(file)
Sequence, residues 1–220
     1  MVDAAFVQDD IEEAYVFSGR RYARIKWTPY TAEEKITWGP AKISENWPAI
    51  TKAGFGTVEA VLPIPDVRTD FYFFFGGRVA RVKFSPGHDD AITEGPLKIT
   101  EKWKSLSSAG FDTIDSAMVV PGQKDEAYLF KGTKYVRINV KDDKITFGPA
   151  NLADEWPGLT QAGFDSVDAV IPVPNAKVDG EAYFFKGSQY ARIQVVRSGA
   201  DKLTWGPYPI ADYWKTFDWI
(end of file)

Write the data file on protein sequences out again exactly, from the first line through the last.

Sequence, residues 1–220
     1  MVDAAFVQDD IEEAYVFSGR RYARIKWTPY TAEEKITWGP AKISENWPAI
    51  TKAGFGTVEA VLPIPDVRTD FYFFFGGRVA RVKFSPGHDD AITEGPLKIT
   101  EKWKSLSSAG FDTIDSAMVV PGQKDEAYLF KGTKYVRINV KDDKITFGPA
   151  NLADEWPGLT QAGFDSVDAV IPVPNAKVDG EAYFFKGSQY ARIQVVRSGA
   201  DKLTWGPYPI ADYWKTFDWI